The Marsh court noted that three days before the First Congress adopted the language of the Establishment Clause, it authorized the appointment of paid chaplains to offer invocations at the beginning of each congressional session. Id. at 787-88. The Supreme Court found it untenable that the First Congress "intended the Establishment Clause of the Amendment to forbid what they had just declared acceptable." Id. at 790.

The holding in Marsh is narrow, however, and largely limited to its unique facts, the most important of which is the long-pre-Constitutional history of beginning legislative sessions with prayer. Although repeatedly asked, federal district and circuit courts throughout the country have consistently refused to apply the Marsh exception outside the legislative body context.

The Supreme Court stated, "We granted certiorari limited to the challenge to the practice of opening sessions with prayers by a state-employed clergyman, 459 U.S. 966, 103 S.Ct. 292, 74 L.Ed.2d 276 (1982)." Marsh, 463 U.S. at 786.

The Supreme Court in Lee noted that "[i]nherent differences between the public school system and a session of a state legislature distinguish [the case of prayer at graduation] from Marsh v. Chambers." Lee, 505 U.S. at 596. Such "inherent differences" include the difference between adult and student audiences, the differing degrees of state control, and the differing requirements for attendance. Id. 505 U.S. at 597. In the context of classroom instruction, the Supreme Court has likewise rejected the Marsh analysis. Edwards v. Aguillard, 482 U.S. 578, 583 n. 4, 107 S.Ct. 2573, 2577, 96 L.Ed.2d 510 (1987) ("such a historical approach is not useful in determining the proper roles of church and state in public schools, since free public education was virtually nonexistent at the time the Constitution was adopted.").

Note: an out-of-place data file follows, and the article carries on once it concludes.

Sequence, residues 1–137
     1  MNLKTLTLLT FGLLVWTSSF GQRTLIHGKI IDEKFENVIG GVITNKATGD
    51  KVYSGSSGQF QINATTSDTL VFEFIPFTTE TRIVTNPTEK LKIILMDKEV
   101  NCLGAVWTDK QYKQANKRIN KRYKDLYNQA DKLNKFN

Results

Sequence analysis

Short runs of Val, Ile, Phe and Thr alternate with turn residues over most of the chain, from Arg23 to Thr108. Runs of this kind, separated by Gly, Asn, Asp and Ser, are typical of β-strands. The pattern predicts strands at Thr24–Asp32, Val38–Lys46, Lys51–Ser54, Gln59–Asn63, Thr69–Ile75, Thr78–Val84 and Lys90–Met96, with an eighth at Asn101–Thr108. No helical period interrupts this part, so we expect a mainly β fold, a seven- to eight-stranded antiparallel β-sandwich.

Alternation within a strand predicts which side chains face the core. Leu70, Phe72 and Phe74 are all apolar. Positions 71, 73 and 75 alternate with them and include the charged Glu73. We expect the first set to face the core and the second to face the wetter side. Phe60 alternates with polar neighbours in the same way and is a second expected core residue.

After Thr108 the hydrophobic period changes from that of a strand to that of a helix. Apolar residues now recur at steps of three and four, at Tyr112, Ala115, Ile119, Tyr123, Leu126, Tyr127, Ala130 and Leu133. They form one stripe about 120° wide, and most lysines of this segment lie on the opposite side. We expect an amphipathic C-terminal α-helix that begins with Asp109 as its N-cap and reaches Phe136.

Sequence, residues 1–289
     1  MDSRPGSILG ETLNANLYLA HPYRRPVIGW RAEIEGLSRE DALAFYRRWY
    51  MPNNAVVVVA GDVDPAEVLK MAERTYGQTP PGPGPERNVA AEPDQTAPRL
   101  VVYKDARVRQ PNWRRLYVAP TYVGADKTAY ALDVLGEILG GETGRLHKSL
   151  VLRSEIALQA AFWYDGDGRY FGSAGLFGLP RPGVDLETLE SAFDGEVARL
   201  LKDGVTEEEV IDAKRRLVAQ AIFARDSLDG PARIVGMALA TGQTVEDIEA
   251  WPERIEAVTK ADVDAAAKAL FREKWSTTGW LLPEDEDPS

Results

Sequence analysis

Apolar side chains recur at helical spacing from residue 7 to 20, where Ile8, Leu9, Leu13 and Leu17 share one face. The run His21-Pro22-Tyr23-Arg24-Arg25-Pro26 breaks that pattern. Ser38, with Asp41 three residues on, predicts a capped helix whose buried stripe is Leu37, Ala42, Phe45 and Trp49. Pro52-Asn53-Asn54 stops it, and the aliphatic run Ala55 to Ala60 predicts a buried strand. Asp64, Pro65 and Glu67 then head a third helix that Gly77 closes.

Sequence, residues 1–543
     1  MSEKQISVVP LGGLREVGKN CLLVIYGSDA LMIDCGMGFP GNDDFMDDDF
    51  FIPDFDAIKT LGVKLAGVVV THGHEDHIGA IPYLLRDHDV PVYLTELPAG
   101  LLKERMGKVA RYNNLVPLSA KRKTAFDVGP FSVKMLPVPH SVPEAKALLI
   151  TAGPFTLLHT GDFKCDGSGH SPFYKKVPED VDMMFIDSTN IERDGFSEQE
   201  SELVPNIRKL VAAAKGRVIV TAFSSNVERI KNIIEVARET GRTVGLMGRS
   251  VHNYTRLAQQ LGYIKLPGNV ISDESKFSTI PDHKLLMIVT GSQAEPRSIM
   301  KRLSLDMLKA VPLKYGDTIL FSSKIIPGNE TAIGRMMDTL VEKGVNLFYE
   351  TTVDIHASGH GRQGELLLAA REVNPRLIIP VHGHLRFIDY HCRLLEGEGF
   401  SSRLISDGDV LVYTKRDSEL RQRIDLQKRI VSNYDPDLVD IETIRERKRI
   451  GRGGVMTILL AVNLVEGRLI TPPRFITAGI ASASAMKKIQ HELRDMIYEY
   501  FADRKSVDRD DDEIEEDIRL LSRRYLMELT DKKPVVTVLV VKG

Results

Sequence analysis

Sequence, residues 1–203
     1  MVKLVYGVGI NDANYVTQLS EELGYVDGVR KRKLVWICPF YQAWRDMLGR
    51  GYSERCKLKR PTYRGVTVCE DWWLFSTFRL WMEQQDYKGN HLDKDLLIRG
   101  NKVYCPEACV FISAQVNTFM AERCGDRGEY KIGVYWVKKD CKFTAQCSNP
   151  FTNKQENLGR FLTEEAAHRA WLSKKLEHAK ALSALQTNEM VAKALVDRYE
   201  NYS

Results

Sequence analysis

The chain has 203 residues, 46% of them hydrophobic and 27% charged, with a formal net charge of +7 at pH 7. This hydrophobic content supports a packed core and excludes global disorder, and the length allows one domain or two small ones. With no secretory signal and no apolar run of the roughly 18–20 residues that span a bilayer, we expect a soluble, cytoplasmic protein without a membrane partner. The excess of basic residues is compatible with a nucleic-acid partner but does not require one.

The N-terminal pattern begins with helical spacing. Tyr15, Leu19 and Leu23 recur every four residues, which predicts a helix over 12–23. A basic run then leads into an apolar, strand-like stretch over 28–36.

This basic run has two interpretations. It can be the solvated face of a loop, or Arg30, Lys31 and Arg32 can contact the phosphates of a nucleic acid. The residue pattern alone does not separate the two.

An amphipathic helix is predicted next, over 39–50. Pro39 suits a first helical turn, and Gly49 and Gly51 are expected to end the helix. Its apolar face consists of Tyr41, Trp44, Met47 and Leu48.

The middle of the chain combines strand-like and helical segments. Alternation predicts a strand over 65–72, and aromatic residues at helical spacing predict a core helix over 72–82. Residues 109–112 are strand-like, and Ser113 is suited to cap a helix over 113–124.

Thus, the Supreme Court has established jurisprudence both respecting religious tradition in the legislative sphere on the one hand and enjoining activity tending to "establish" a religion when the underlying issue is related to public schools.


In the most analogous case to date, the Sixth Circuit in Coles v. Cleveland Board of Education, 171 F.3d 369 (6th Cir. 1999), had to choose between these two clear strands of Establishment Clause jurisprudence: either apply the Marsh exception, as the defendants asked, or rely on Lee and thus apply the Lemon test to the question of prayer at local school board meetings.

In Coles, a former student and teacher filed an action against the Board of Education and Superintendent alleging the board's practice of opening school board meetings with prayer or a moment of silence was unconstitutional. Id. at 374. The Sixth Circuit analyzed the nature of the relationship between the school board and the public schools they govern, finding it is the close relationship between the school board and the school system it governs that removes a defendants' invocation from the logic of Marsh and places it "squarely within the history and precedent concerning the school prayer line of cases." Id. at 381. The Sixth Circuit found that although the meetings of the school board might be of a "different variety" than other school-related activities, the fact remained that they were part of the same "class" as those other activities in that they take place on school property, and are inextricably intertwined with the public school system. Id. at 377.